She smiled, but whispered, "I think I'll go back and stay with mamma;" but she soon found much amusement in looking at passing scenes from the windows of the warm after-cabin--scenes that were like pictures set in oval frames.

The other children appeared fascinated by the scene, especially Winnie, whose bold black eyes flashed with excitement.

"I want to see everything and know everything," she said.

"I wish you to see and know about things like these," I replied, "but not such things as Melissa Daggett would show you."

"Melissy Daggett, indeed!" cried Winnie. "This beats all her stories. She tried to tell me the other day about a theatre at which a woman killed a man--"

"Horrid! I hope you didn't listen?"

"Only long enough to know the man came to life again, and danced in the next--"

"That will do. I'm not interested in Melissa's vulgar stories. As you say, this, and all like this, is much better, and will never prevent you from becoming a lady like mamma."

Winnie's ambition to become a lady promised to be one of my strong levers in uplifting her character.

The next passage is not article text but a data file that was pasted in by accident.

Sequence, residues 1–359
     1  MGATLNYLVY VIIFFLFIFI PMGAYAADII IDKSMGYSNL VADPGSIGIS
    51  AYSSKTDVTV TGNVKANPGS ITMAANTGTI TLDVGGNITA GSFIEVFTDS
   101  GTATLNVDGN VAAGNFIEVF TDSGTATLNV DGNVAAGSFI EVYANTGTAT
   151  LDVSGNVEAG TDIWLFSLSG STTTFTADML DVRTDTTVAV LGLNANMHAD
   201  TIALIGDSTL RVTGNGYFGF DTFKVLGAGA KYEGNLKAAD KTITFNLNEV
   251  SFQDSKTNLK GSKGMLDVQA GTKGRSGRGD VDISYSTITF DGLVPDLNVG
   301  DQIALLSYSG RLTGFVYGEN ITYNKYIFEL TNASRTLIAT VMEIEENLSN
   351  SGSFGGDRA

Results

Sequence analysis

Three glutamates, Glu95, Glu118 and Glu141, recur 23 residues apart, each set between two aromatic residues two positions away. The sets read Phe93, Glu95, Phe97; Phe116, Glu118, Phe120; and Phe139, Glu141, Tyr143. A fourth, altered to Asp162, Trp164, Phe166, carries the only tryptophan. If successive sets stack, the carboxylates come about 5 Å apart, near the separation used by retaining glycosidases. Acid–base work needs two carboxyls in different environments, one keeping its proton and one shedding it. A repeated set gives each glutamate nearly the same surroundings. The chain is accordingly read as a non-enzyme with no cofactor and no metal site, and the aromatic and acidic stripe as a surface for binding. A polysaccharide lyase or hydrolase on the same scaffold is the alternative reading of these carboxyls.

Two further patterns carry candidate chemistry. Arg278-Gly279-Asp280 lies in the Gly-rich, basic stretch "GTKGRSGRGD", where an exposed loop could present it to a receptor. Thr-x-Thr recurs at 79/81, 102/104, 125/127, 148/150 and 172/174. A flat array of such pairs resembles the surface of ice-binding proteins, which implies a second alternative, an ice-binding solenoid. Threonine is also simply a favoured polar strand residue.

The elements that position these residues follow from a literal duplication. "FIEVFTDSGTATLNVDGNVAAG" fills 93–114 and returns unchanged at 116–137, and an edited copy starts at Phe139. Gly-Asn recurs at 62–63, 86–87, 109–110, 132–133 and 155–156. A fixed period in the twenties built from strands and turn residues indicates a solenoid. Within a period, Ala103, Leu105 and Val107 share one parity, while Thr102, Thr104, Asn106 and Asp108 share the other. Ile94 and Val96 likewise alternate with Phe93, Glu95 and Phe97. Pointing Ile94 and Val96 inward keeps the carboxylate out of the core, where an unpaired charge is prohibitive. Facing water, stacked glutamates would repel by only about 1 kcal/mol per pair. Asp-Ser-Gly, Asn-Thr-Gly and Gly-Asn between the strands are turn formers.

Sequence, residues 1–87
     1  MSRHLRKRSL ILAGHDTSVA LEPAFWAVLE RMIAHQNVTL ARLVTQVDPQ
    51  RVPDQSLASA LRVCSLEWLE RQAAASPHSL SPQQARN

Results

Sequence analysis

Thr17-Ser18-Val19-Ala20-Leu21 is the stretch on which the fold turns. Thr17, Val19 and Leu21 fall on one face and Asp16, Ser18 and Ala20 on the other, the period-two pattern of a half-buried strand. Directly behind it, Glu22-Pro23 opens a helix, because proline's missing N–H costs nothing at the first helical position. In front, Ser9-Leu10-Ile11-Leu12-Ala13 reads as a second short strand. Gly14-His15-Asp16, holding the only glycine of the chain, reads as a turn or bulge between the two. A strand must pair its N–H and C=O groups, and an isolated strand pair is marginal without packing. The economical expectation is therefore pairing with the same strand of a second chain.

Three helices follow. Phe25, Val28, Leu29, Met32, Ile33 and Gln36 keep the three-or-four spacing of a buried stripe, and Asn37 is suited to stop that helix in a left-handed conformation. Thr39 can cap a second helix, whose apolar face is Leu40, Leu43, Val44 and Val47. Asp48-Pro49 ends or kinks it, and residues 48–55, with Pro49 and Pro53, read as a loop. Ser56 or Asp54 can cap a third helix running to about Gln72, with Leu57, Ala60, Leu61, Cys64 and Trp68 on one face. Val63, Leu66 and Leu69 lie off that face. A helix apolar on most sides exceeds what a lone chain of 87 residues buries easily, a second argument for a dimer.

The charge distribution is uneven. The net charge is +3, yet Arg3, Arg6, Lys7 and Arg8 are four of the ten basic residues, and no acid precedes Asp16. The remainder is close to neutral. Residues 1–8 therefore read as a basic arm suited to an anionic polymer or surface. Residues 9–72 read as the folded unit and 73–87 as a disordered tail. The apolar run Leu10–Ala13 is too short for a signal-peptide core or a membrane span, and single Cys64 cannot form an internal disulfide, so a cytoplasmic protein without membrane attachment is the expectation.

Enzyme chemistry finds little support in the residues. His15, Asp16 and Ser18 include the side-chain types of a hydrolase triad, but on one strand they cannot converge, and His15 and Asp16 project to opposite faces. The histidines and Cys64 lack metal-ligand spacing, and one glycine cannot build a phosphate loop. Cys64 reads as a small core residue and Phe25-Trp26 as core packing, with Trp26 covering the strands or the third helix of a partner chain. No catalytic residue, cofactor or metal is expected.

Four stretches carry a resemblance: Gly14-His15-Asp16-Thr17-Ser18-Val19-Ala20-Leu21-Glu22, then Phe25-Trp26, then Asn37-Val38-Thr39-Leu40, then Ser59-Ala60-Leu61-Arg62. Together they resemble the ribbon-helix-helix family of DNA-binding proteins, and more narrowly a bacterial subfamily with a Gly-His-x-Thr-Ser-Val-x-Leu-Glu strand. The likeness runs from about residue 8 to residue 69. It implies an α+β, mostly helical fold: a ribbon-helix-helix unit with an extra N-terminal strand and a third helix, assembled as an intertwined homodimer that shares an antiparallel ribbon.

I confess that I did not like the looks of the sky or of the snow- flakes that began to whirl in the air, but the strong steamer plowed her way rapidly past the city and the villa-crowned shores beyond. The gloom of the storm and of early coming night was over all, and from the distant western shores the Palisades frowned dimly through the obscurity.

My wife came, and after a brief glance shivered and was turning away, when I said, "You don't like your first glimpse of the country, Winifred?"

"It will look different next June. The children will take cold here. Let them come and watch the machinery."